One NFC director of player personnel said the Colts have such balance on offense that it becomes a major challenge to slow them down.

"Most teams in this league either have excellent receivers and just an average running game or a strong running attack and just one key receiver on offense. That’s not the Colts. When you try and scheme on them on defense to stop the pass they give you a mouthful of Edgerrin James. Peyton (Manning) is the best quarterback in the game today, but he is immensely helped by the fact that he has a very strong runner with power like Edgerrin. James on the other hand is helped by the fact that they spread your defense out so much. He has some open running lanes he wouldn’t see with other clubs. The scary part of this offense is that it could be better this season than last year. Everyone talks about Marvin Harrison and Reggie Wayne and both are very good players, but if the Colts can keep Brandon Stokley healthy all year and tight end Dallas Clark continues to develop his overall skills, they could be even better than last year. Right now, the Colts, not the St. Louis Rams, are "The Greatest Show on Turf." To be honest, if I was to pay premium dollar to see one team play football this season it would be the Indianapolis Colts."

One AFC scout, who actually selected the Patriots as the team he would not like to see on his schedule, had an interesting note on the Colts.

"I have been around for some time and, to be honest, the Colts of today are the Dallas Cowboys of the late 1960s and early 1970s. The Cowboys of that era had just as much talent as the teams they lost to in championship games or Super Bowls. But losing so many of those key games ate away at their confidence, and it affected their play, until they finally were able to just win one. In my opinion, the hardest part for the Indianapolis Colts is to match up against the Patriots late in the season, and it has become a mental hurdle they have failed to jump over. The Patriots have lost a piece or two each and every year, but they win the close games during the season because they play with such great confidence. For a team with such great success they really do play the game with a sense of fear. That is really a key in football today and in years past. The really good teams fear losing, and they detest that feeling as a unit. There are about four to five teams in the league today with the similar overall talent of the Patriots, but they don’t play team football like they do, and they don’t play the game with same level of confidence. I will say this, that if the Colts don’t make it to the Super Bowl this season it will be real tough for this same group to get there together."

Most NFL team executives, scouts and coaches I polled gave the Colts the nod as the team they least want to see on their schedules.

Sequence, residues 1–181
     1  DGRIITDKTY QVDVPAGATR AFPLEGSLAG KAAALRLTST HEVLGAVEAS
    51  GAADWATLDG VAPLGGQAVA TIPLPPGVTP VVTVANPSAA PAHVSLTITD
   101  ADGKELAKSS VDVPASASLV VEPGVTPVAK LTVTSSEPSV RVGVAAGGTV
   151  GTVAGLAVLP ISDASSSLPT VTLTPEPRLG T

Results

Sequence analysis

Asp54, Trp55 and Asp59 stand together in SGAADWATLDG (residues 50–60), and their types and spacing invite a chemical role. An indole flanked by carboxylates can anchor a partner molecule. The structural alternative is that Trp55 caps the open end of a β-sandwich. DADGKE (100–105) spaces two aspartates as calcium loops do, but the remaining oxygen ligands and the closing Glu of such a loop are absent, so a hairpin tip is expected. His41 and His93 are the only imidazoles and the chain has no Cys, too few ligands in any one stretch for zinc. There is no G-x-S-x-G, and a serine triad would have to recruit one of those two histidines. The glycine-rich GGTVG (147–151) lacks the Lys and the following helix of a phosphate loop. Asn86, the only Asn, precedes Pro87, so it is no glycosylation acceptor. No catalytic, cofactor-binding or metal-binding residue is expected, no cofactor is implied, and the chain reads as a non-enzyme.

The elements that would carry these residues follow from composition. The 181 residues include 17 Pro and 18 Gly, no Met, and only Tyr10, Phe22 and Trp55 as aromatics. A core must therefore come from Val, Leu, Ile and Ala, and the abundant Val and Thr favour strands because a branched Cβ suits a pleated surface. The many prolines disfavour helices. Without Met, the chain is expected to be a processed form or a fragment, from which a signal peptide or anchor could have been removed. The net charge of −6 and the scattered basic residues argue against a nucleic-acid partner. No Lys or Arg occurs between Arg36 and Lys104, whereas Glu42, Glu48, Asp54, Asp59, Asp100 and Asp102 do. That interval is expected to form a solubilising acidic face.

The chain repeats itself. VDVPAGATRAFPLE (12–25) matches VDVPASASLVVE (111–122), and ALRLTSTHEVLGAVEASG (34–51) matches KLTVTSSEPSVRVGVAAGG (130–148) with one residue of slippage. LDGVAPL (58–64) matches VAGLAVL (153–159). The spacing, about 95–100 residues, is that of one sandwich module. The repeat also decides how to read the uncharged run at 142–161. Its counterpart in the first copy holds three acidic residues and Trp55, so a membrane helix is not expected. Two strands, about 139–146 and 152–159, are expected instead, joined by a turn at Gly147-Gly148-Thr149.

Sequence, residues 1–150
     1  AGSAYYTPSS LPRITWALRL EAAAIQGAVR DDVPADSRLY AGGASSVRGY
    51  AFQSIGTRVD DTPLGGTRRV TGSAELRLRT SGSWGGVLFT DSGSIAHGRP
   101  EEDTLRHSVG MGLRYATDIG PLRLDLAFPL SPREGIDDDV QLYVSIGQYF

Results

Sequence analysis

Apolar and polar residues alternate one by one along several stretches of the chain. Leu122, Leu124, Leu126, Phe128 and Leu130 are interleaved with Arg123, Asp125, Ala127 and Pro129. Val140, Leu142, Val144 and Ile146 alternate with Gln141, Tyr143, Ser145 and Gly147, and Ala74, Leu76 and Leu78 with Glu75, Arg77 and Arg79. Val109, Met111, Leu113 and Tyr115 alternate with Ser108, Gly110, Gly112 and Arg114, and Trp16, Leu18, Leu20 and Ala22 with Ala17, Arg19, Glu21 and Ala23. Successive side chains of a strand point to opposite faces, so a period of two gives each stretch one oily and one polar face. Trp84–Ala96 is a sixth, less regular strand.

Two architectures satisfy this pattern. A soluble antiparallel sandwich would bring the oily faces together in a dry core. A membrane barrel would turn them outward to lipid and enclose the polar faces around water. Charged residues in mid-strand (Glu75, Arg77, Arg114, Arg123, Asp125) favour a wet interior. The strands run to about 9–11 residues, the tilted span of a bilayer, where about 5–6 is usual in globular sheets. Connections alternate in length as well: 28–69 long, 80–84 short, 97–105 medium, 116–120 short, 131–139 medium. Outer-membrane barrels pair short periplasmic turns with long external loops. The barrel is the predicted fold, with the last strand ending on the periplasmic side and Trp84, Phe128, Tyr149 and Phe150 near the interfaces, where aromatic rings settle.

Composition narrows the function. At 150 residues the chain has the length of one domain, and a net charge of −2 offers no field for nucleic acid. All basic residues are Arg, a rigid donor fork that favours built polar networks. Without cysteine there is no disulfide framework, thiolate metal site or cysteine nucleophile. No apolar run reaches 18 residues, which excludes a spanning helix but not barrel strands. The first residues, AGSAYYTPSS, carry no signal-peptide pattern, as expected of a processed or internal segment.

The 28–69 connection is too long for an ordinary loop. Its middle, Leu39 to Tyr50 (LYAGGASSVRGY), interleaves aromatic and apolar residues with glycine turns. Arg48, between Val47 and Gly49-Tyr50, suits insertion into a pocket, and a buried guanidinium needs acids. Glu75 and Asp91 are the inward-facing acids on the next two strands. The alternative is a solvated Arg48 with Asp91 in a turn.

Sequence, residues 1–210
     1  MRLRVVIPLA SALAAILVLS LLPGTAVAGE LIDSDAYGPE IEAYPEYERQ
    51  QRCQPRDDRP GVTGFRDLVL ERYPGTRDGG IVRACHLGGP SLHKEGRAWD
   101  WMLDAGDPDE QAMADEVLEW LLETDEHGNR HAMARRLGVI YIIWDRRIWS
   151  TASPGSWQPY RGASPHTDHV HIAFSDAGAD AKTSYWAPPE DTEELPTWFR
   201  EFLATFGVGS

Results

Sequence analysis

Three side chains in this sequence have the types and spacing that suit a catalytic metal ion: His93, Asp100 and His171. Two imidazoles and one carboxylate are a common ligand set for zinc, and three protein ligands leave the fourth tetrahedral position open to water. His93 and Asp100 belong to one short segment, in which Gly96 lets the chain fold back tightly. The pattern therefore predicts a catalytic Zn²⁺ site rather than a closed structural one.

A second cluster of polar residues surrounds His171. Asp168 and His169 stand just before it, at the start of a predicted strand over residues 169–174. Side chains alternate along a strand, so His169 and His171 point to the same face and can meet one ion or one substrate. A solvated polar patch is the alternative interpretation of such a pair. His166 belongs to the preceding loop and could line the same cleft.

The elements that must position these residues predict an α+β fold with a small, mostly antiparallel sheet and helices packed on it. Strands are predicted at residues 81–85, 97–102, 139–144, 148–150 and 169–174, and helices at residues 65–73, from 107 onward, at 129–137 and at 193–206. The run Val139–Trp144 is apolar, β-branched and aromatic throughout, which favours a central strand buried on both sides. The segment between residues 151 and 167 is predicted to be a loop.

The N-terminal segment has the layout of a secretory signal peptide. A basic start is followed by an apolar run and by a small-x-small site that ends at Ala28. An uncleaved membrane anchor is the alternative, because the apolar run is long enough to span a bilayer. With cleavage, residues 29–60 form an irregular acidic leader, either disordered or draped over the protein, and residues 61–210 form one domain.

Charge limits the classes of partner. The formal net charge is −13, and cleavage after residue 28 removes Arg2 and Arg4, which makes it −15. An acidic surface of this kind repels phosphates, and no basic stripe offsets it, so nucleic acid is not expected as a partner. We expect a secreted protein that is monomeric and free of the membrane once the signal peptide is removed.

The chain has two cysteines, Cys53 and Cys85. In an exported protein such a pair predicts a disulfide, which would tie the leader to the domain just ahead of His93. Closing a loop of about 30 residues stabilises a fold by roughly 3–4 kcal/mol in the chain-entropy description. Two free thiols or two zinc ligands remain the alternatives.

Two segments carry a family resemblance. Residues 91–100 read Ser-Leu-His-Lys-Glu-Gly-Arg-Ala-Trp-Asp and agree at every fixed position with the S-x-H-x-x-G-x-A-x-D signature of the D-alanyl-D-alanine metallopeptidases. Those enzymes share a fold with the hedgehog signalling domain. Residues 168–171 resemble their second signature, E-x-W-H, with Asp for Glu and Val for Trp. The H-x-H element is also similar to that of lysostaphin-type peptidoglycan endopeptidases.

Now lets see if the Colts can get by the team they least want to see on their schedule -- the Patriots -- especially in mid to late January.


The Saints appear to be closing in on acquiring veteran wide receiver Az-Zahir Hakim.

Over the past few weeks, Hakim was torn between the Chiefs and Saints. Earlier last week, Hakim looked as though he was all but sure to be reacquainted with his former Rams head coach Dick Vermeil in Kansas City. But issues over money and playing time soured Hakim on the Cheifs, and he now appears to be on the verge of becoming a Saints player.

The addition of Hakim would be good for the Saints. I have always felt Hakim was a chip-type player. While there are just a few stars in the league who dominate, it’s the ability of teams to put those role-type players in the right spots to get maximum production out of them. The former San Diego State star has been at his best when used as a third wide receiver or slot-type end.

While most Saints fans remember Hakim for his infamous fumble as a Ram on a punt that help seal New Orleans’ first playoff victory ever in 2000, Hakim made his mark as a slot-type end playing in between star receivers Isaac Bruce and Torry Holt in St. Louis.

In his first four seasons with the Rams, Hakim caught 148 passes and scored on 16 receptions.

Those are solid numbers for a third receiver. Hakim’s main strengths as a receiver is his quickness and his excellent ability to run with the ball after the catch. He parlayed those strengths into a big free-agent contract with the Lions in 2002 that earned him about $3 million a season, but the Lions made the mistake in thinking Hakim was a No.1 receiver. That just was not the case.

The premium or No.1 type cornerbacks in the NFL were very physical with Hakim off the line of scrimmage, and they basically zapped away his quickness and his ability to get separation as a receiver. In the league today, you want a slot receiver who can take full advantage of going against another teams’ third or fourth options at cornerback.